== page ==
I think, and I’m not alone nationally in saying so, that the Strickland-Brown campaign has amazingly run a sharp and effective campaign in this political environment.
It took not more than a single brain cell to figure out the economy would place a major component of this election. What the Strickland campaign has smartly figured out is how to turn the economy as a negative against Kasich with focusing on his slavish devotion to Wall $treet greed and outsourcing. That has been no easy task.
So effective was this campaign was that the Ohio GOP and the RGA even attempted to muddy the waters of this attack by, incredulously, attacking Strickland on this issues with laughable results.
Anyone watching the ads sees the race as largely a debate about outsourcing and free trade. That’s about as favorable ground to frame the economy in Ohio that Strickland could find in this environment. This has been capped off with Friday’s ad highlighting Kasich’s personal involvement in supporting sending 300 Ohio manufacturing jobs to China and Mexico.
Now is the time to go in for the kill.
Last week was a terrible week for the Kasich campaign. Kasich unveiled the second proposal of his campaign, and it was largely a plagiarized copy of Ted Strickland’s regulatory reform. This was a perfect opportunity to introduce people to one of the largely unknown aspects of Strickland’s record as Governor.
Which gets to my largest criticism of the Strickland campaign. Paid media has a disproportionate impact in how people view a campaign. Television ads shape how people view races more so than press conferences, “earned media,” press releases, and public speeches (combined.) Despite attacking Gov. Strickland in every venue but paid media, Kasich has managed to spin some into viewing him as running a “positive” campaign and that Strickland has largely ran a negative campaign. The former is not true, but the latter is.
Again, not that I blame the Strickland campaign. Kasich was largely unknown and introducing Kasich to voters on their terms made sense. But now with every attack, Kasich’s response has been that the Governor has nothing positive to say about his own record… a negative attack disguised as an observation. It’s clever spin. And it’s starting to stick.
If Governor Strickland is going to continue to be our Governor, he needs to run a positive ad about his record. He has to show Ohioans that the “good things” that Kasich is proposing as an economic solution: like cutting taxes, regulatory reform, and smaller government is things that Ted Strickland has already done. The crazy stuff that Kasich has proposed, like privatizing economic development (which, I guess, does develop the market for private economic development consultants more) and a repeal of our income taxes with no plan to pay for them. Talking about your record and comparing it on such terms does not make this a “referendum” election. A “choice” election strategy requires that you give voters a reason to vote “for” you as well as a reason to vote “against” your opponent. Instead, we have two candidates running a referendum against the other.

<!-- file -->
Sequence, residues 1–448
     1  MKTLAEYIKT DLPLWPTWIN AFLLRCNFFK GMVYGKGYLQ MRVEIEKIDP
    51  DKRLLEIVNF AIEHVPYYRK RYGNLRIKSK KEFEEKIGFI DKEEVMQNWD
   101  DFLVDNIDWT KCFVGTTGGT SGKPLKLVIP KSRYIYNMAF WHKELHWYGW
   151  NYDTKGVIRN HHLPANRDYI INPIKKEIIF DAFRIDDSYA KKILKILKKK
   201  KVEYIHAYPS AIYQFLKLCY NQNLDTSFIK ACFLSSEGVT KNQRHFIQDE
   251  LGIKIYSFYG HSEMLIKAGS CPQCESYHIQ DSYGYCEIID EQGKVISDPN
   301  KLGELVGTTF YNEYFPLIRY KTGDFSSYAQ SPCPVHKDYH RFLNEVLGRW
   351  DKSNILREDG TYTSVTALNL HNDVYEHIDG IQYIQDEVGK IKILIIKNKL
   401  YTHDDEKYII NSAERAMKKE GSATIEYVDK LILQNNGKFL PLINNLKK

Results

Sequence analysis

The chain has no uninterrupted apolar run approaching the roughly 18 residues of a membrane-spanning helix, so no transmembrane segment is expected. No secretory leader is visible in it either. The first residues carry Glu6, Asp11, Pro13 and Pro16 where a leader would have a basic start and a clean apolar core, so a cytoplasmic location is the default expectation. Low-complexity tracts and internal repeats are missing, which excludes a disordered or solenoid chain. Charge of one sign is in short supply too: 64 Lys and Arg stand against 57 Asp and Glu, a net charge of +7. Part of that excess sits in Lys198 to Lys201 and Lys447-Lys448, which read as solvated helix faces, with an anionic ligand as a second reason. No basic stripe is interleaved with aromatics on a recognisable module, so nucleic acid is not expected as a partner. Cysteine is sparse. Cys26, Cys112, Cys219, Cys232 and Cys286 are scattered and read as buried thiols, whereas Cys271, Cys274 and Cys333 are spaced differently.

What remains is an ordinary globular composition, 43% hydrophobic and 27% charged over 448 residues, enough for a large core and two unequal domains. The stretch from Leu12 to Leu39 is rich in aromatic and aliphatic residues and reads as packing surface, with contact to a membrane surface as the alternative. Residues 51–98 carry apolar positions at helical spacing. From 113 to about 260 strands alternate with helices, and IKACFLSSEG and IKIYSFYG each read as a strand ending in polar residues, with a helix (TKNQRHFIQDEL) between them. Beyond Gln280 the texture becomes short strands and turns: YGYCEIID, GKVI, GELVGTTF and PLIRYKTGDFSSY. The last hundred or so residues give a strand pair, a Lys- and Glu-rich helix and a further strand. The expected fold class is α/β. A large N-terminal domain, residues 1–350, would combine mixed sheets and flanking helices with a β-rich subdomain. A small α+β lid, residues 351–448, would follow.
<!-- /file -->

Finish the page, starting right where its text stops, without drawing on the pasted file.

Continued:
Joe Hallett of the Dispatch wrote on Sunday:
In fact, it is time for Strickland to stick an oar in the water and offer Ohioans a vision – even one single initiative – of his plans for a second term. Instead, all we’ve received from Strickland is negativity: campaign speeches smearing Kasich, one attack ad after another.
I disagree with the characterization that Kasich has been smeared, but Hallett’s larger point: a negative campaign softens up support for the other guy, but the second side of the coin is that you give those wavering voters a reason to vote for you to close the deal.
No campaign has ever won an election simply running against an opponent who has not under an indictment or public scandal involving bribery or sex and won.
Ted Strickland can win if he can look voters in the eye and show them exactly what he’s done as Governor. I’ve yet to meet a voter who didn’t at least pause when I told them about Strickland’s record. It’s not enough to have it on your campaign website. In this environment, he needs to get it on people’s television screens. Ted can win with an ad that acknowledges the problems we’re all facing in this economy and talk about what he’s been doing about it (not talking about it doesn’t remove it as an issue. Instead, it feeds Kasich’s entirely false narrative that Strickland hasn’t done anything effectively regarding the economy.)
I’ve yet to have a single conversation about Ted’s record that didn’t, at least, give even the most loyal of Republicans some pause. In fact, the reaction I get is disbelieve because they can’t believe that a politician with this record wouldn’t mention it more. The reality is that Ohio’s media has done a piss-poor job covering Strickland’s record. And if the Governor’s office was going to effectively communicate Strickland’s records, well, we wouldn’t be in this situation. The reality is that people know as little about Strickland’s record as they do about Kasich at all. So little that most don’t realize, and Kasich is cynically praying on, that much of what Kasich has said are things that Strickland has already done, just like regulatory reform.
There’s time to win this thing, but we have to cover both sides of the equation. We’ve got Kasich against the rope… now hit him with your record, Ted.
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